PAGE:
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Workplace Equality: Laws Women Should Know About

Fri, 11/09/2012 - 4:26pm | by Guest Contributor

We all know that America is a land of freedom in which all people are guaranteed equality, regardless of gender, race, religion, and so on.  But while this ideal permeates our society, it’s not always so easy to live up to.  People have their own personal prejudices, and often, they act on them whether it is legal (or appropriate) or not.  However, when you’re operating within the confines of a workplace setting, there are a number of laws in place to ensure that you’re able to perform the duties for which you were hired without the threat of being treated like a second-class citizen.  Here are a few legal fallbacks you can rattle off if you find yourself in an unfair (and illegal) situation of a discriminatory nature.

1. Title VII of the Civil Rights Act (1964).  This law is a biggie, since it expressly prohibits discrimination based on sex or sexuality, as well as the occurrence of sexual harassment.  It actually applies to both women and men, and it is meant to curb instances of hostile or offensive words or actions (pertaining to gender or sexuality) that can create an uncomfortable or threatening situation for any employee.  Most employers now mandate sexual harassment training courses upon hire (and sometimes on an annual basis) as a way to help employees understand the scope and ramifications of this law.

2.  Equal Pay Act (1963).  This law prohibits any type of discrimination in the workplace (towards women and men)  abolishes wage disparities based on gender as it pertains to employment practices.  This can include (but is not limited to) unfair hiring, firing, layoffs, and benefits; or sexual harassment related to the aforementioned procedures.  Unfortunately, women still tend to earn about 70% of the salary men in the same position collect.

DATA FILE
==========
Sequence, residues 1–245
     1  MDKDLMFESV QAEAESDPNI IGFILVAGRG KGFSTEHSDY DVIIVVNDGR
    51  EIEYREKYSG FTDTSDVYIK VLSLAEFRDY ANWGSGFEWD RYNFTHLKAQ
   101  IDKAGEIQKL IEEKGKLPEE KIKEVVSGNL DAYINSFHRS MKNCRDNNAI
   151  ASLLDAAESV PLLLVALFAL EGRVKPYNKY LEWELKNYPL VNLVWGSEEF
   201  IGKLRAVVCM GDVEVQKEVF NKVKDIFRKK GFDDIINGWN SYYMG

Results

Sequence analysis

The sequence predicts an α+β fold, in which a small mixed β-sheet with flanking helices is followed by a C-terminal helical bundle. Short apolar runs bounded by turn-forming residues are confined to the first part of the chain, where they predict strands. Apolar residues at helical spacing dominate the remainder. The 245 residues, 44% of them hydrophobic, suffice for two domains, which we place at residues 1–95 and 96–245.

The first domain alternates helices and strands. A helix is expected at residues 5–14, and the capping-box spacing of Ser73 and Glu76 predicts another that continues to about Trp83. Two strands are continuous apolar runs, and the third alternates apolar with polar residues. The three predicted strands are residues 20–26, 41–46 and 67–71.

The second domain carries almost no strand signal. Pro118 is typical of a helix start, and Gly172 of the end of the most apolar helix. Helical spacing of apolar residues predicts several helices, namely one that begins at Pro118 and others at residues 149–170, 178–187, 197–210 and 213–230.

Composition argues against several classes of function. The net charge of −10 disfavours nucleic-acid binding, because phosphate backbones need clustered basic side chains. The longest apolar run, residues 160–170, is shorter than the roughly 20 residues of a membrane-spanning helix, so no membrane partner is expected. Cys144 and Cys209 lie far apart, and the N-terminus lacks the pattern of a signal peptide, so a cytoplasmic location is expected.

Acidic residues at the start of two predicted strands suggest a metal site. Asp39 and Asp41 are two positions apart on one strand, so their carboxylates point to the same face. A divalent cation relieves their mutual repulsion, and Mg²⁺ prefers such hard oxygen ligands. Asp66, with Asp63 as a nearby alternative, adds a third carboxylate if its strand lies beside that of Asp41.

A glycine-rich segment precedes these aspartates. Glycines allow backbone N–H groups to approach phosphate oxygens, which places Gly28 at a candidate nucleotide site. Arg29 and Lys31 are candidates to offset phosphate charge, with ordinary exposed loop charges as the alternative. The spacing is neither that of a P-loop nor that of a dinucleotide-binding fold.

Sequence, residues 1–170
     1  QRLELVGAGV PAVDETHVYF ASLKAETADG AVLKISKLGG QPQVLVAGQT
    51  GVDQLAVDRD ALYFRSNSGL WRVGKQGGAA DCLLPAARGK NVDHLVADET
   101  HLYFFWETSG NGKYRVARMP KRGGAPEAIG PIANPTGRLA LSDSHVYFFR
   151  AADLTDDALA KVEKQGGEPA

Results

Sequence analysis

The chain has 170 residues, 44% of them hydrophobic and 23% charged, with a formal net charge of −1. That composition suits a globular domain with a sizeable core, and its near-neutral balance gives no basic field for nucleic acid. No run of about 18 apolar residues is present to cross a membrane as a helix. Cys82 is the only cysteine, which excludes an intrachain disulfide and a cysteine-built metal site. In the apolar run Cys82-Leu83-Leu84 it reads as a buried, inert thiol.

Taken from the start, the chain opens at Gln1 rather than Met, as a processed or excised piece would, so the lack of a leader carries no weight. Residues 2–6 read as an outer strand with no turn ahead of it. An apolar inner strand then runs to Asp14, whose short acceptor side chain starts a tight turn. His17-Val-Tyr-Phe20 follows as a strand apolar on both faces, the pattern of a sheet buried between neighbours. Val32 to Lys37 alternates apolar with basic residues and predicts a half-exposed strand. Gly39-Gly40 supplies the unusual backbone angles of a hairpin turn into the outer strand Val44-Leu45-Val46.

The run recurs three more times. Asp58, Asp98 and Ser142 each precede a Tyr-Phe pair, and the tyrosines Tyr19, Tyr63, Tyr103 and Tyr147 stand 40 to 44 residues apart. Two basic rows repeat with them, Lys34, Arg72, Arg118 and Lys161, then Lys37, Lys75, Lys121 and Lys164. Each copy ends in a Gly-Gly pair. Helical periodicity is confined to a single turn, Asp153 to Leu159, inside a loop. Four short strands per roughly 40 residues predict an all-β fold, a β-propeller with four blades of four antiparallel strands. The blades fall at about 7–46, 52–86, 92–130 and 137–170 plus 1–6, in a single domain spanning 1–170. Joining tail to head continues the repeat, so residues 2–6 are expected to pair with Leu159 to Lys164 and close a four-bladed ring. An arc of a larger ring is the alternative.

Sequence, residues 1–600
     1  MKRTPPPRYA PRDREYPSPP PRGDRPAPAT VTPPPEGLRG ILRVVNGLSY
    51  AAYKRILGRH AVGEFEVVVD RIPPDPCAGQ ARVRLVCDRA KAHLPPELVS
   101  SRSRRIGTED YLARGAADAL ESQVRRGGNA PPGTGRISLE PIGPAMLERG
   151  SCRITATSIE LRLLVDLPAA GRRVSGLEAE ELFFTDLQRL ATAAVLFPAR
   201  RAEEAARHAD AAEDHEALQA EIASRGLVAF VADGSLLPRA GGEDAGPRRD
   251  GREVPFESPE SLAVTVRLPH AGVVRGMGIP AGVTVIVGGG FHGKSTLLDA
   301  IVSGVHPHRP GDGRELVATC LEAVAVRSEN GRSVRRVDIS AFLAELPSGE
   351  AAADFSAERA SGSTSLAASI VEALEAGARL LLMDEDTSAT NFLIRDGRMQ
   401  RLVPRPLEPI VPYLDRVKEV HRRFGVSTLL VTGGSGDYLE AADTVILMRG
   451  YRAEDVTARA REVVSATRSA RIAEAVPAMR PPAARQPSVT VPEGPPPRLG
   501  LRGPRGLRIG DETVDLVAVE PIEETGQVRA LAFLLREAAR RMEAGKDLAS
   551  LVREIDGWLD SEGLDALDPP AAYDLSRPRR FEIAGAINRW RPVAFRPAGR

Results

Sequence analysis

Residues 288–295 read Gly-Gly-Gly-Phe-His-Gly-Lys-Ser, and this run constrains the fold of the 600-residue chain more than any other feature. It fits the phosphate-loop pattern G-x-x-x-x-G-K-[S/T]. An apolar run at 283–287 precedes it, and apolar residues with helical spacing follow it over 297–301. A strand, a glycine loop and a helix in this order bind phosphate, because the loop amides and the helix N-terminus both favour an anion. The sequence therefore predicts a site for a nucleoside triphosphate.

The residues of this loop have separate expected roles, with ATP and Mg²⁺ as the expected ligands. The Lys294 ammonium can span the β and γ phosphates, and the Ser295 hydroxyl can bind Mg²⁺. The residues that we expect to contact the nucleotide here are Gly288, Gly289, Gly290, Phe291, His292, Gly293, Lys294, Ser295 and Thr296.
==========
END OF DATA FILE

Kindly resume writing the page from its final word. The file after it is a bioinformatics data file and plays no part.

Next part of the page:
3. Pregnancy Discrimination Act (1978).  This law was enacted as an amendment to Title VII of the Civil Rights Act to combat workplace discrimination (such as firing or refusal to hire) based on women in a state of pregnancy.  It guarantees certain considerations, such as maternity leave (similar to other types of medical leave) with continued pay (at least partial) and benefits.  But it also prohibits firing due to maternity or immediately following return from maternity leave.

4.  Violence Against Women Act (1994).  Although this law (which falls under Title IV of the Violent Crime Control and Law Enforcement Act) is not specifically targeted at women in the workplace, it applies to all women at all times, including during the course of their career.  It is aimed at stopping any and all violent crimes perpetrated against women, regardless of setting, and it imposes mandatory restitution on anyone convicted under the law, also allowing victims to seek redress in civil court should the legal system fail to prosecute.

5.  Americans with Disabilities Act (1990).  Again, this does not pertain solely to women, but if you happen to be a female and you have a “physical or mental impairment that substantially limits a major life activity”, you should know that you have rights under the law where your employment is concerned.  Basically, you can’t be fired or passed over for hiring based solely on your disability.

Breana Orland writes for Corboy Demetrio Law Firm, a personal injury law firm based in Chicago, Illinois. 

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